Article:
Motorizing the Lego Technic 42075 First Responder, Part 3

In Part 1 of the series, I used the EV3 brick and motors to motorize the Lego Technic 42075 retail set.  While very flexible in programming and remote controlling the vehicle, the EV3 brick takes up the whole truck bed because of its size.

In Part 2 of the series, I used the Power Functions brick and motors.  The smaller sizes of the brick and motors allowed me to retain the truck bed “side doors” and the spotlight attachment.  It also allowed both driver and passenger seats to be retained because the engine motor can be mounted underneath the vehicle, instead of taking up the passenger space.

Using the Power Functions had its limitations.  Infrared is used to control the engine and steering motors, so line of sight is necessary when controlling it remotely.  Additionally, I felt there were too many extra Technic pieces needed to mount the Power Functions brick.  The infrared limitation can be overcome by using an sbrick receiver, an amazing 3rd-party product that communicates via Bluetooth, and can control up to four Power Functions motors.


There are other pure-Lego options that are available.  One option is using the Power Functions 2.0 brick and motors.  The PF 2.0 brick is controlled via Bluetooth, and the motors are same in size to the Power Functions motors.  The brick and motors have to be purchased individually, unless you have the 60197 Passenger Train retail set or the 76112 Batmobile retail set.


The Power Functions 2.0 motors are similar to the WeDo 2.0 motors, and the bricks are also similar; just additional mounting extensions on the WeDo 2.0 brick.  Since I have the WeDo 2.0 set, I opted to use mostly extra pieces from that set to motorize the 42075 First Responder.  There are a few additional Technic pieces I used to mount the motors, in the same way I mounted the Power Functions motors.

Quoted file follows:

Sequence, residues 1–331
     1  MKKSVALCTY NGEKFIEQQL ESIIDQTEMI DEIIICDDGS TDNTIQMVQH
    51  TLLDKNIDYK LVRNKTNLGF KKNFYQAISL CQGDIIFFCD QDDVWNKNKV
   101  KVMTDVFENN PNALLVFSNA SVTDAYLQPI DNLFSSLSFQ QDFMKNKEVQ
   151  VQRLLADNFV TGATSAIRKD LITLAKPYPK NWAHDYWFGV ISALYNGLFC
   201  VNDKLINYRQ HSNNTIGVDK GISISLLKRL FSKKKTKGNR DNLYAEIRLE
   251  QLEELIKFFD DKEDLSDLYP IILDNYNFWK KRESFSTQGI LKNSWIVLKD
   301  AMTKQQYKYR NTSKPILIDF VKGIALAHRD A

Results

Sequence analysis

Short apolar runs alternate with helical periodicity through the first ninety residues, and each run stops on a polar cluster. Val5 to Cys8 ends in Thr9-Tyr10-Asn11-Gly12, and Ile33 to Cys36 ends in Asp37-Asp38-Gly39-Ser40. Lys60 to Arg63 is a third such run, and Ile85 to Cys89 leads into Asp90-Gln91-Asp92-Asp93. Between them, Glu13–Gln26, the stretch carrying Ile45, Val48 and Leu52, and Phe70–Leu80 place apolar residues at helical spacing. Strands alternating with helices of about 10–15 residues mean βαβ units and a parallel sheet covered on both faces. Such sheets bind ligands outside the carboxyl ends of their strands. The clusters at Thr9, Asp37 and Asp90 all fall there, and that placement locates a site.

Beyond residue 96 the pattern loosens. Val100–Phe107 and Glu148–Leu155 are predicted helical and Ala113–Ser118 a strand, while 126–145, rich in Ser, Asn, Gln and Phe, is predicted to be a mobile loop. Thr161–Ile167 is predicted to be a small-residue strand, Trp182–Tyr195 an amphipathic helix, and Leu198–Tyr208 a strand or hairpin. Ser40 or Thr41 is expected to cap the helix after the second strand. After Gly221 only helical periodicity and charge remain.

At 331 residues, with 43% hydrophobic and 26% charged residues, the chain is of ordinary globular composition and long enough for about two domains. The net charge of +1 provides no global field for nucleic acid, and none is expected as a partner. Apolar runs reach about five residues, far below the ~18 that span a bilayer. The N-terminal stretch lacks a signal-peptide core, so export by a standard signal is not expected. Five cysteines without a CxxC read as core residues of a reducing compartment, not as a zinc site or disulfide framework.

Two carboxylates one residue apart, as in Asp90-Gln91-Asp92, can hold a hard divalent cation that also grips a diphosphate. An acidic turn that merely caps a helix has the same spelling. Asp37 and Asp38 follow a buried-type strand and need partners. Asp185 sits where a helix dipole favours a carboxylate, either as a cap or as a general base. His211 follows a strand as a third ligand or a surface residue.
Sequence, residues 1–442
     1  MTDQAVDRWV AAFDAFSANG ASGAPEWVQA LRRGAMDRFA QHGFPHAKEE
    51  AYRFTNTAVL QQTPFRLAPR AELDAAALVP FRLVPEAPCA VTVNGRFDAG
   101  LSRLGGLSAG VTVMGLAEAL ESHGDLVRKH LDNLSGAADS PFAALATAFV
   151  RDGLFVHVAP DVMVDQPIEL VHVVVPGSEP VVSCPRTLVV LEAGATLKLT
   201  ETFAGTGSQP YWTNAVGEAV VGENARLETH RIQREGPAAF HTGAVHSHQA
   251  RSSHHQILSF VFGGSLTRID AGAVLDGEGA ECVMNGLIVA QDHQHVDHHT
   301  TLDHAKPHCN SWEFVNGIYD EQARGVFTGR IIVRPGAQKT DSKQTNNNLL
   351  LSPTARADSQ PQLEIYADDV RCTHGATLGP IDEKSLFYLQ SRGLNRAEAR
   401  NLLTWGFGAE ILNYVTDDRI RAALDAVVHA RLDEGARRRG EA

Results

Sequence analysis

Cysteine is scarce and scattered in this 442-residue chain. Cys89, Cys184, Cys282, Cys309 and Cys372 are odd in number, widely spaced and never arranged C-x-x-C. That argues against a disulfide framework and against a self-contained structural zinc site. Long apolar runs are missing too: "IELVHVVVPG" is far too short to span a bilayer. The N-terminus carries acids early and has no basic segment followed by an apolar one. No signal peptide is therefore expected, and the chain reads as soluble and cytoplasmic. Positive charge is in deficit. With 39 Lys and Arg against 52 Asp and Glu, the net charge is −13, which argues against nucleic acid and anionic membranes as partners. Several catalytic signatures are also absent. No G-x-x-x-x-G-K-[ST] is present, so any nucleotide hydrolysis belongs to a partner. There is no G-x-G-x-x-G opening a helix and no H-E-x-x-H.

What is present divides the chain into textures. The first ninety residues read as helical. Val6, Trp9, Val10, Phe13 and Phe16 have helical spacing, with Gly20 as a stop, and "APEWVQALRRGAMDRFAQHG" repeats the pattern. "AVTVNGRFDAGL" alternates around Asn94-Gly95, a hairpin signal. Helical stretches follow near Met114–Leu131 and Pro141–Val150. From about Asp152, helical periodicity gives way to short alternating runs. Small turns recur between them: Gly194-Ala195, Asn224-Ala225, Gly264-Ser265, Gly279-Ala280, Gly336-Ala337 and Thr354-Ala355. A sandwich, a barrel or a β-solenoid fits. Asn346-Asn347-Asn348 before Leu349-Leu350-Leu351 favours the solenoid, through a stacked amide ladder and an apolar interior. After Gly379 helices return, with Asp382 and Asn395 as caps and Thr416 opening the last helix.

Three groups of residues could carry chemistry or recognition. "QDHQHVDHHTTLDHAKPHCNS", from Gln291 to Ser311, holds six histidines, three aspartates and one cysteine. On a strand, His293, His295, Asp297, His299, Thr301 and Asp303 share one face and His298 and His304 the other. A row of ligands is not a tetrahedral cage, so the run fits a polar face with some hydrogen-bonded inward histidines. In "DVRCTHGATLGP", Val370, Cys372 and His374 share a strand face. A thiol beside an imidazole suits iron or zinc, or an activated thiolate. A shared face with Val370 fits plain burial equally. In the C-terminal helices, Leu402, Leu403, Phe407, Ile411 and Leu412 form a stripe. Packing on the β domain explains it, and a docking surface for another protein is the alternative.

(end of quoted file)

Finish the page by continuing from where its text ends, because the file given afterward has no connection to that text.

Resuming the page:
First step is again clearing off the cabin and truck bed space, in preparation for attaching the brick and motors.  From the re-used pieces, you can prepare the attachment of the spotlight and its beams.  Note again that I interchanged the 3LU-axle with the 5LU-axle because I need the 3LU-axle to attach the engine motor.  The spotlight and beams are offset upwards from the original position by 2LUs.

Lego42075-WeDo2-01 Lego42075-Wedo2-02 Lego42075-WeDo2-03

Although a little more compact, note that the Power Functions 2.0 or the WeDo 2.0 bricks are 4LUs in width so the construct for attaching the brick is asymmetrical (towards the left side of the truck).  Because of the smaller size of the brick, the rear of the truck can stay pretty much the same as the retail set build.

Lego42075-WeDo2-04 Lego42075-WeDo2-05 Lego42075-WeDo2-06 Lego42075-WeDo2-07

Finally, use a few extra Technic pieces to mount the engine motor underneath the vehicle, and the steering motor in the center of the cabin.

Lego42075-WeDo2-08 Lego42075-WeDo2-09

With the WeDo 2.0 brick and motors, you can use or write simple programs (Android program shown here) or use the WeDo 2.0 applications to control the engine and steering.

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